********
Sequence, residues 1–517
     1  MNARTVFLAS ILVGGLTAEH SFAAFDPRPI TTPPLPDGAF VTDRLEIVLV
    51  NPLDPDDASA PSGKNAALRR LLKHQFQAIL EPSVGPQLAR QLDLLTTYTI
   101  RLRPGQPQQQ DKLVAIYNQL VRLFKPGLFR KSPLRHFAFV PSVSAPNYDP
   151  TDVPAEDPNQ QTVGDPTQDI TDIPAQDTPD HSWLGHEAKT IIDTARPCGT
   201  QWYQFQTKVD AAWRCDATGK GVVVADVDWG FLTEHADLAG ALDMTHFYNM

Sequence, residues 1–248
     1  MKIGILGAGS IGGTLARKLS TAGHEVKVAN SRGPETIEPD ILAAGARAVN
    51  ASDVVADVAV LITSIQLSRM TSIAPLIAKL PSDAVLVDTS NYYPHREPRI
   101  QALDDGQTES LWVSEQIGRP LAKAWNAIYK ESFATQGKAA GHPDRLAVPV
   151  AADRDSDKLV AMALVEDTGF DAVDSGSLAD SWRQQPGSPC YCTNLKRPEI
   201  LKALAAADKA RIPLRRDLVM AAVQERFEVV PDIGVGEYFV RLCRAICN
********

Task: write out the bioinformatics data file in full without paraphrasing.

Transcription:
Sequence, residues 1–517
     1  MNARTVFLAS ILVGGLTAEH SFAAFDPRPI TTPPLPDGAF VTDRLEIVLV
    51  NPLDPDDASA PSGKNAALRR LLKHQFQAIL EPSVGPQLAR QLDLLTTYTI
   101  RLRPGQPQQQ DKLVAIYNQL VRLFKPGLFR KSPLRHFAFV PSVSAPNYDP
   151  TDVPAEDPNQ QTVGDPTQDI TDIPAQDTPD HSWLGHEAKT IIDTARPCGT
   201  QWYQFQTKVD AAWRCDATGK GVVVADVDWG FLTEHADLAG ALDMTHFYNM

Sequence, residues 1–248
     1  MKIGILGAGS IGGTLARKLS TAGHEVKVAN SRGPETIEPD ILAAGARAVN
    51  ASDVVADVAV LITSIQLSRM TSIAPLIAKL PSDAVLVDTS NYYPHREPRI
   101  QALDDGQTES LWVSEQIGRP LAKAWNAIYK ESFATQGKAA GHPDRLAVPV
   151  AADRDSDKLV AMALVEDTGF DAVDSGSLAD SWRQQPGSPC YCTNLKRPEI
   201  LKALAAADKA RIPLRRDLVM AAVQERFEVV PDIGVGEYFV RLCRAICN